The Tax Cuts and Jobs Act, signed into law on Dec. 22, includes significant changes to the federal gift, estate and generation-skipping transfer (GST) tax laws.
by Ann F. Schrooten, Estate Planning Attorney, Fitzgibbons Law Offices
Each U.S. citizen or resident is allowed a lifetime exclusion amount that may be used to shelter from gift and estate taxes transfers of cash or other assets during life or at death.
Effective Jan. 1, 2018, the combined gift and estate tax exemption and the GST tax exemption amounts double from an inflation-adjusted $5 million to $10 million. For 2018, the exemption amounts are expected to increase to $11.2 million per individual or $22.4 million for a married couple. The increases are scheduled to be in effect through Dec/ 31, 2025, after which the amounts will revert to pre-2018 levels ($5.6 million per person, adjusted for inflation).
Unrelated to the Tax Cuts and Jobs Act, the gift tax annual exclusion has increased to $15,000 per donee (or $30,000 for a married couple). That change is also effective Jan. 1, 2018.
The new tax law also permanently expands the benefits of Section 529 college savings plans, which allow tax-free accumulation of education savings. Under prior law, funds in these plans could be distributed income-tax-free for qualified higher education expenses. The new law allows distributions to be made on the same basis to elementary or secondary schools as well, subject to a limit of $10,000 per plan-beneficiary per-year.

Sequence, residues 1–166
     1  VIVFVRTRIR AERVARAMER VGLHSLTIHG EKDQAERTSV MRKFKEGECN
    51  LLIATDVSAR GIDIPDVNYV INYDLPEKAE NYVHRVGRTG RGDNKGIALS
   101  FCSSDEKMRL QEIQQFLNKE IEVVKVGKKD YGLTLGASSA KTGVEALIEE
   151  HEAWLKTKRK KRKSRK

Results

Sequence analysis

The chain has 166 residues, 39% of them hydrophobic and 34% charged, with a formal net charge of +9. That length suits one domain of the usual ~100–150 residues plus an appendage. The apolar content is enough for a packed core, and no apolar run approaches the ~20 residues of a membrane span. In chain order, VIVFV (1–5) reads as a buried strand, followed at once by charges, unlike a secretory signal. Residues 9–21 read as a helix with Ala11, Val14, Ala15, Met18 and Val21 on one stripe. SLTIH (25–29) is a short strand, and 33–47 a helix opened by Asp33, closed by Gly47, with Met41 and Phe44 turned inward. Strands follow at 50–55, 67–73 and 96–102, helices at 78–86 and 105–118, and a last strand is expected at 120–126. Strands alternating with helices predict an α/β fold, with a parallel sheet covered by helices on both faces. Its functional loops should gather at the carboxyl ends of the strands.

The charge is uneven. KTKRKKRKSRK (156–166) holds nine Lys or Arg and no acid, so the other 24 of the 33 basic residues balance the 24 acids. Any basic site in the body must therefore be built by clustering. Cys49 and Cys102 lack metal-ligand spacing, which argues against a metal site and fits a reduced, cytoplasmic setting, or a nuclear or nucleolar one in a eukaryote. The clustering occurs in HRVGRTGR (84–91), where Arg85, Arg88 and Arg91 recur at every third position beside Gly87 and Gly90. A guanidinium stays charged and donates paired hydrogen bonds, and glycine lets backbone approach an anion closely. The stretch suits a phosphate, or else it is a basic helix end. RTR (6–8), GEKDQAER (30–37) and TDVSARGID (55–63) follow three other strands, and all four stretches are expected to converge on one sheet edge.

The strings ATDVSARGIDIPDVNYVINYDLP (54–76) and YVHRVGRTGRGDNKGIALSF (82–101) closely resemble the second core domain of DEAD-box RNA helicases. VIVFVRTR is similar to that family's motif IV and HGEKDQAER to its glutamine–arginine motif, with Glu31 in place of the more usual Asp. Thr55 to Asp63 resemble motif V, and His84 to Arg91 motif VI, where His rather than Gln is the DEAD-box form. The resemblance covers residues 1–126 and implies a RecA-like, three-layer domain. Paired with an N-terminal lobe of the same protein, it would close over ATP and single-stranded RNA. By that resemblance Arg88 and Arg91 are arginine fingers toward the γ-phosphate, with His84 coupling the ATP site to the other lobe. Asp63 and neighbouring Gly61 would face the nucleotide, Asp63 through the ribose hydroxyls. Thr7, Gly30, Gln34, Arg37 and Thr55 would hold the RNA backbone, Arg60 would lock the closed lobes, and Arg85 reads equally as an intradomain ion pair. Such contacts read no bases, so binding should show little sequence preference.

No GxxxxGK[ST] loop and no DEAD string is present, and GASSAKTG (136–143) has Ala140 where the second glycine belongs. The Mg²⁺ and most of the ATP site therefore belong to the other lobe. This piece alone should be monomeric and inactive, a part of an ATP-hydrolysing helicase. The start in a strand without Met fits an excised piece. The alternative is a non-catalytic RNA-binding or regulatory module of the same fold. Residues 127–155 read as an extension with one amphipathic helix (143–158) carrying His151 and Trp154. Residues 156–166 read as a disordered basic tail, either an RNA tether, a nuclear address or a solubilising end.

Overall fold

The impact of the changes made to the estate, gift and GST taxes will depend on the circumstances of an individual or couple. For some, the changes will provide considerable planning opportunities to make gifts or other transfers to take advantage of the increased amounts while they are available.
Although fewer individuals will have to worry about estate tax liability, the changes under the new tax law do not spell the end of estate planning as we know it. Non-tax issues that your estate plan should still take into account include management and distribution of assets upon death or incapacity, guardianship of minor children, family business succession and planning for a loved one with special needs.
Ann Schrooten is an estate planning attorney at the Fitzgibbons Law Offices in Casa Grande. You may reach her at firstname.lastname@example.org or 520-426-3824.